One problem with this argument is that it depends on confirmation holism. That is, it depends on the claim that all of our theories are confirmed or discomfirmed together. None ‘face the tribunal of experience alone’. I then started thinking about how Rosenthal’s version of this argument avoids this commitment and so is a better argument. Sadly Rosenthal has never published this argument (I heard it in a seminar on Quiene and Sellers he gave) so I will try to recreate it as best as I remember.

The basic idea is: if we ever had empirical evidence that some truth of arithmatic was false we would have to admit that it was false. But if so then mathematics is empirically justified. To make the case he asks us to entertain the following scenerio. Suppose that you had two pens of sheep; one with 6 and one with 7 sheep. Now suppose that you counted the sheep individually in each pen (and got 6 and 7) and then you counted all of the sheep and got 14. Suppose you did it again. 1. 2. 3. 4. 5. 6. Yep six sheep in that pen. 1. 2. 3. 4. 5. 6. 7. Yep seven sheep in that pen. Then all the sheep. 1. 2. 3. 4. 5. 6. 7. 8. 9. 10. 11. 12. 13. 14. Suppose that this was repeated by all of your friends with the same results. Suppose that it was on the news and tested scientifically and confirmed. Suppose that this phenomenon was wide spread, observable, and repeatable.

If this were the case we would be forced to admit that 7+6=14 is true therefore mathematics is empirically justified.  

Top 10 Posts of 2008

OK, so the year isn’t over yet…but these are the most view posts so far…

–Runner up– Reverse Zombies, Dualism, and Reduction

10. Question Begging Thought Experiments

9. Ontological Arguments

8. The Inconceivability of Zombies

7. There’s Something About Jerry 

6. Pain Asymbolia and Higher-Order Theories of consciousness

5.  Philosophical Trends

4. A Short Argument that there is no God

3. Has Idealism Been Refuted?

2. God versus the Delayed Choice Quantuum Eraser

1. A Simple Argument Against Berkeley

Chappell on the A Priori

The a priori seems to be on the rise of late, especially with defenders like Richard Chappell championing the cause. According to Chappell an ideallly rational being would have access to all the metaphysical possibilites. Given that we can ideally (or coherently)  conceive something we can infer that the thing in question is metaphysically possible. This is, of course, the basis for the zombie argument against materialism. Since we can coherently concieve of a zombie world (a world where there are beings like us in every physical way except that they lack conscious experience) that shows that consciousness cannot be a physical property.

The standard (Kripkean) objection to this line of argument is to try to distinguish between metaphysical and epistemic possibility. Some things that are epistemically possible (i.e. seem coherently conceivable) turn out to be impossible (a classic example is to point out that before you learn that the square root of 1,987,690.000 is 1409.855 (rounded up to the nearest thousandth) it is concievable that it be other than 1409.855 but once we find out what it is it is impossible for it to be otherwise. According to the materialist one of these things is the zombie world. While it seems that we can coherently concieve of such a world, we are actually missing some contradiction, or physical difference between our world and the zombie world and so it is not actually (ideally/coherently) concievable.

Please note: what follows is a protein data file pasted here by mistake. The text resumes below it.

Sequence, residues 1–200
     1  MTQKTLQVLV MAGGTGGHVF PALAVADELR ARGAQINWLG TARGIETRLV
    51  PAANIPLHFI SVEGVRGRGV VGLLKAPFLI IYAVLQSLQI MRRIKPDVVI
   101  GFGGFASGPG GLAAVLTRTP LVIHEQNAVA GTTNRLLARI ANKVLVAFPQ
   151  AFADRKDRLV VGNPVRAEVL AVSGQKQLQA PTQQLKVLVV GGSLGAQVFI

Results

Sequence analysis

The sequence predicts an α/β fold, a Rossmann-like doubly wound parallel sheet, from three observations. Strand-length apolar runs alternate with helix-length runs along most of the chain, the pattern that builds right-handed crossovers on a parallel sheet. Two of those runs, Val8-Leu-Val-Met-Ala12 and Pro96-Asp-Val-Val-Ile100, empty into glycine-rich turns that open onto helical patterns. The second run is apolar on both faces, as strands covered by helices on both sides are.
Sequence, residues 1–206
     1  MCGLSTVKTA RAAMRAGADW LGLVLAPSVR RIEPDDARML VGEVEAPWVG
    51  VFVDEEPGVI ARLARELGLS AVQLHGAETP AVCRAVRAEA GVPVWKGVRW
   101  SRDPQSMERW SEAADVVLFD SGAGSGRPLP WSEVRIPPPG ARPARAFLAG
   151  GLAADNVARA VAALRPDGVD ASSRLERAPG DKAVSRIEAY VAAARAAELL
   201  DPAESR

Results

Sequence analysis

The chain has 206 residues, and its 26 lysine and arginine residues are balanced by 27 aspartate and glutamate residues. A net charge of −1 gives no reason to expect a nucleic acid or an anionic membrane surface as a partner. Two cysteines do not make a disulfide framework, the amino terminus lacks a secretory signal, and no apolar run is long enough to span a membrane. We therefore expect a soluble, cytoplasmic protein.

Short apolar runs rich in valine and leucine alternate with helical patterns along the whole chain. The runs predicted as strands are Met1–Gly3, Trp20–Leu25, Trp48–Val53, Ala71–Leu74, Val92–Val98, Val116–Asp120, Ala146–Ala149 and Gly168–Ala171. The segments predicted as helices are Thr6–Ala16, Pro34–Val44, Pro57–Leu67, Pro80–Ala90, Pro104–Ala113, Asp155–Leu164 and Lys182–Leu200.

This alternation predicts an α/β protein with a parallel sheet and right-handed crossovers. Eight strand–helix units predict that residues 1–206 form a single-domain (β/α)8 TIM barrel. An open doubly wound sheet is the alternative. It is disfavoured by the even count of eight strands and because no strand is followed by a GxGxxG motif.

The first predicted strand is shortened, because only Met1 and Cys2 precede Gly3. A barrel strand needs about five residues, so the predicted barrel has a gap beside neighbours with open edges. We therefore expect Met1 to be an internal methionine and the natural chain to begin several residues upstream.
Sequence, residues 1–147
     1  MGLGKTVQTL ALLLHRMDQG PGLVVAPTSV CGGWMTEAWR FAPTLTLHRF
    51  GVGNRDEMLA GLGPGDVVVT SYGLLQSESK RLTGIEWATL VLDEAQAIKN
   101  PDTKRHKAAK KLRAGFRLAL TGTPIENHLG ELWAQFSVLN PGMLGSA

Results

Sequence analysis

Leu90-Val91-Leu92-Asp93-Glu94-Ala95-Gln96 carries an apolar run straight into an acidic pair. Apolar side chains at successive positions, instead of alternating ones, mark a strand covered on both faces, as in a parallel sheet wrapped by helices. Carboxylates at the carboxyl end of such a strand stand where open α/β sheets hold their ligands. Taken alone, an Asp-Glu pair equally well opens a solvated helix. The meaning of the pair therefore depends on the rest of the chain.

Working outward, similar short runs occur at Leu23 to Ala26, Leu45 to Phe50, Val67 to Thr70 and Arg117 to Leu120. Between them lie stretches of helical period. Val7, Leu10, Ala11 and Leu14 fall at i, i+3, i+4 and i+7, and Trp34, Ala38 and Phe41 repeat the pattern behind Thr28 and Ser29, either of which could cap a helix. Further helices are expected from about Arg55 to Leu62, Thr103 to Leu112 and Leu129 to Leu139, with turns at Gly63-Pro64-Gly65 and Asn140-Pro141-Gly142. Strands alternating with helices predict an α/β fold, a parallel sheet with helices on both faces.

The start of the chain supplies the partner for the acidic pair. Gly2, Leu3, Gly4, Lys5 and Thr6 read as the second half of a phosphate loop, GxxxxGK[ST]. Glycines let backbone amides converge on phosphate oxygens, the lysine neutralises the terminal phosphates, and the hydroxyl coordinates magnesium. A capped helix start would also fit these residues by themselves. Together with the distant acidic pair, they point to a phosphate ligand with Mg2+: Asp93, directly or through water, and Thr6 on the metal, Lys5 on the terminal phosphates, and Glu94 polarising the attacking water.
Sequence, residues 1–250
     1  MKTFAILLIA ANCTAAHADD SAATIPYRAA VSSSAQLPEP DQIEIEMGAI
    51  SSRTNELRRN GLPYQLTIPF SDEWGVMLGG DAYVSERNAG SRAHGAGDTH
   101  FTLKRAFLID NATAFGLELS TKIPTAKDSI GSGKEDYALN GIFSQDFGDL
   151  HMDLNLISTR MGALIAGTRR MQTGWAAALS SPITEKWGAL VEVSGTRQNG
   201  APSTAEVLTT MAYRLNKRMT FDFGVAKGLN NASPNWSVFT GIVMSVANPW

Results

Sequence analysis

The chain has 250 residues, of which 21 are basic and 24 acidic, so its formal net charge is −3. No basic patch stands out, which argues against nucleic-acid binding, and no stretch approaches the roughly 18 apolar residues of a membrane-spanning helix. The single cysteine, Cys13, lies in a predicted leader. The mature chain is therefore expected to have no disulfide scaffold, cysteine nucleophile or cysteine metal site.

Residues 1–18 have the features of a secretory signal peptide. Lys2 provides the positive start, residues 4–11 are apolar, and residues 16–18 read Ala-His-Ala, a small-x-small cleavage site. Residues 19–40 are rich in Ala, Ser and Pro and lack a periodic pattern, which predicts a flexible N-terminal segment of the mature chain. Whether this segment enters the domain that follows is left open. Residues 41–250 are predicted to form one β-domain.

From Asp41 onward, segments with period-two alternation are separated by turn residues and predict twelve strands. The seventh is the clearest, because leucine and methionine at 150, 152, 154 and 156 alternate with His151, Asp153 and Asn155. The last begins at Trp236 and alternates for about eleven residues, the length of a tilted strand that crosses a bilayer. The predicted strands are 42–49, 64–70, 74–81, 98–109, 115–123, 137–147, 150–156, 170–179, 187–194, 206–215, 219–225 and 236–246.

Chappell objects to this line of argument for (at least) two reasons. The first has to do with the theoretical extravagance of the materialist’s claim that the identity between (say) H2O and water is necessary. It posits an unexplained strong necessity, wheras the modal rationalist (the one who thinks that it is a metaphysical possibility that water could be other than H2O, not just an epistemic possibility) doesn’t have to posit something like this. All that she needs to posit is a single uniform space of possibilities that we describe in various ways. The materialist has to posit a space of epistemically possible worlds and a seperate space of metaphysically possible worlds. Parsimony and simplicity seem to favore that modal rationalist here.

The second is an attack on the claim that calling something a rigid designator settles the dispute. As Chappell says,

Perhaps our term ‘consciousness’ is, like ‘water’, a rigid designator. But who cares about the words? Twin Earth still contains watery stuff, even if we refuse to call it ‘water’, and the Zombie World still lacks phenomenal stuff (qualia), even if we stipulate that our term ‘consciousness’ refers to some neurophysical property (and so is guaranteed to exist in this physically identical world).

Yes it will, IF we have settled the issue in favor of Chapell’s view and we then think that we are genuinely concieving of a real metaphysical possibility. If there is a question as to whether these kinds of possibility are distinct then Chapell has done nothing more than beg the question.

This is evidenced when he says,